Sunday, May 17, 2015

Why I'm voting yes in the Presidential Age Referendum

Did you know there's a second referendum happening on Friday? The one that proposed to reduce the candidate age requirement for presidential elections from 35 to 21. I'm voting YES for the same reason I'm voting yes and here's why.

As a 27 year old, I find is odd that I'm technically old enough to become a TD, a minister or even taoiseach (all roles that effect people's daily lives) but I'm considered "too young" to become what is largely a ceremonial role. Why does someone like Dana (for example) have more of a right to stand for President that I have. We have this idea of a "elder statesman" president but are the qualities of a good President that age specific. In my mind, things like being confident, inspirational, a good public speaker, a good ambassador, knowledgeable about constitutional law, passionate about society etc are all things that make some "Presidential". Sure, life experience is something to consider but I've met people in their twenties and thirties that have far more "life experience" than some people in their sixties.

So you might think that a 21 year old is too young to be President? You could be right. But this referendum doesn't mean that a 21 year old will automatically become President. They still have to win an election and to be fair, we're probably never going to elect a 21 year old. This is more likely to apply to someone aged 30-34. That said, even with a threshold of 35, the youngest president elected was 46 and I'd say the average age of a President when they office is a lot higher.

Its not easy to become a candidate, especially for an independent candidate without the backing a political party. Before you start you'd actually want to be President. Then you'd need to know you have the financial and logistical support to run a grueling national campaign. You'd need to confidence to put yourself out there knowing you're automatically at a disadvantage because you're "too young". And then you need to get the support of 20 members of the Oireachtas or 4 county councils to get on the ballot paper, which again without the backing of a political party is a big ask. So if despite all those barriers, in the unlikely event that a 21 year old (or someone aged 22-34) can pull all that off, then why shouldn't they be able to put themselves forward and get on the ballot.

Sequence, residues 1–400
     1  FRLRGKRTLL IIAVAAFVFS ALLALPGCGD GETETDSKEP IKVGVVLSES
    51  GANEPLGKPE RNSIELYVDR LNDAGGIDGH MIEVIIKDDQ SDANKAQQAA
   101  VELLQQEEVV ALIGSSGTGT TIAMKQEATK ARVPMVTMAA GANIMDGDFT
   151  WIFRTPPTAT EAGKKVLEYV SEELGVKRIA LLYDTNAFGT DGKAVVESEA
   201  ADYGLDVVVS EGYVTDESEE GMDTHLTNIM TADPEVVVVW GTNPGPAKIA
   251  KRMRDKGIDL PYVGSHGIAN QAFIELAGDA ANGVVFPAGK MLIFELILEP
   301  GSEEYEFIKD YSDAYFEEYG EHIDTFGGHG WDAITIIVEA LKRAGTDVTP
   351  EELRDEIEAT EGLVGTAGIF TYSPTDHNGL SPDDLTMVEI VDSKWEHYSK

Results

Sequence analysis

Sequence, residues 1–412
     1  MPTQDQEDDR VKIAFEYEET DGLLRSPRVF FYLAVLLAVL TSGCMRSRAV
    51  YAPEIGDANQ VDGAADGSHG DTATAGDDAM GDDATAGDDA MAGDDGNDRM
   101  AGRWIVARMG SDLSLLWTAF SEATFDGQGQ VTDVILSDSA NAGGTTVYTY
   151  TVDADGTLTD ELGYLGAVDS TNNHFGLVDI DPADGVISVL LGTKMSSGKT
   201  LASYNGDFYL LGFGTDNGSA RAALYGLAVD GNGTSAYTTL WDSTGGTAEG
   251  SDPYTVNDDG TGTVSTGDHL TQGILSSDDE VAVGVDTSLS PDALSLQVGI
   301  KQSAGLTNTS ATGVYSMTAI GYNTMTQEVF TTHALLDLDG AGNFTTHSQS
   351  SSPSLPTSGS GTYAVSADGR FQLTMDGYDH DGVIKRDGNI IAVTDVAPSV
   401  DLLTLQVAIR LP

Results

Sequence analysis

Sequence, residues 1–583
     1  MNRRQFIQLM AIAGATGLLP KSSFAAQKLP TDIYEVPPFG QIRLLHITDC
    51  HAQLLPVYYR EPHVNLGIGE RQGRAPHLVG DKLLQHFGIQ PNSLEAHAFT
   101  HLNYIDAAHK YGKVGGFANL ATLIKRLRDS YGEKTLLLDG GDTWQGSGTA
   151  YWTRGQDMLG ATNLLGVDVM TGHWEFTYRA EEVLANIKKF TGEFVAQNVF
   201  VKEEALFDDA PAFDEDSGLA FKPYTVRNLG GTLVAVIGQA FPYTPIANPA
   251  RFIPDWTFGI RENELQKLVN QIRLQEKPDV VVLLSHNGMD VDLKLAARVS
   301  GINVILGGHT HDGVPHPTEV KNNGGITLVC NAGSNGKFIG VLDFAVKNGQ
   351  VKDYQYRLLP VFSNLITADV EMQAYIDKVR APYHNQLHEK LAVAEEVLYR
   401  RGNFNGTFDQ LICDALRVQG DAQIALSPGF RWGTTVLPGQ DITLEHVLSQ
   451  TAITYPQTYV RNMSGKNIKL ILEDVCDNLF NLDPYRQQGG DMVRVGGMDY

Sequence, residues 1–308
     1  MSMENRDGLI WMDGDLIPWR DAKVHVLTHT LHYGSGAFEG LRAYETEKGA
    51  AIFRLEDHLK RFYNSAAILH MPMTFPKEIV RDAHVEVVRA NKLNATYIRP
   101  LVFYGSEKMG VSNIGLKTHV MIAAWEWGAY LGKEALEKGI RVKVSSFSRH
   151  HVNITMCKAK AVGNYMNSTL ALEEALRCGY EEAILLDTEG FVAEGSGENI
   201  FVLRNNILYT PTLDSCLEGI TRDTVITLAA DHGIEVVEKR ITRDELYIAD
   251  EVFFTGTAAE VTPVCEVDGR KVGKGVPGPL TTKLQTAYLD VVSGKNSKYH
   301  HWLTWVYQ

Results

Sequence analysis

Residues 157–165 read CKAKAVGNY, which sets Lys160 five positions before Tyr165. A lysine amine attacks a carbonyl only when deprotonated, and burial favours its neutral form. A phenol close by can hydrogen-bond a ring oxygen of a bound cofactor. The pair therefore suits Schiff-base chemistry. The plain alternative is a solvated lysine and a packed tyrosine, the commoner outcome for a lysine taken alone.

And if you still think this candidate is too young, then guess what? You vote for the other guy! We live in a republic. That means we get to vote for our representatives. No body is forcing you to vote for the younger candidate, all this referendum means is that they can ask for your vote. And who knows, having a younger candidate might make for a more interesting election and engage more voters which can't be a bad thing.

Respect and the Referendum debate

This post is an editing version of something i posted on Facebook this evening. I've received a lot of positive feedback on the post and it generated some interesting discussions on the topic so i'll put it here.

You might be wondering why I decided to post this message (there's a point to all this at the very bottom I swear). I expect as this point that you've noticed there's a referendum on same sex marriage happening in Ireland this Friday. It's generated a lot of debate and has got a bit heated at times. There's also another referendum on changing the minimum age of presidential candidates to 21. If you weren't aware of this, i'm not surprised as its got very little coverage in comparison to the Marriage Referendum.

If you you're friends with me on Facebook, you'll probably have gathered that I'm voting Yes in both referendums. I've put up a number of posts and statues over the past few days about the referendum on marriage and got a fairly positive reaction. It hasn't all been positive but I expected that. I wasn't going to say anything but today I received a rather negative message from someone I know. I won't name and shame this person (I'd like to think I'm better than that) and I'm not taking it to heart. However it has got me thinking about the nature of respect in this 

I have 1980 "friends" on facebook. That's a big number and with a number like that its inevitable that there are some no voters within that group. While trying to further both campaigns, I've tried to be respectful to those of different. I think everyone is entitled to their opinion but that doesn't mean that opinion can't be questioned - I constantly try to question my own arguments and openly welcome those with a different view to point out if they disagree. If we don't question and discus these issues, then society cannot be expected to move forward.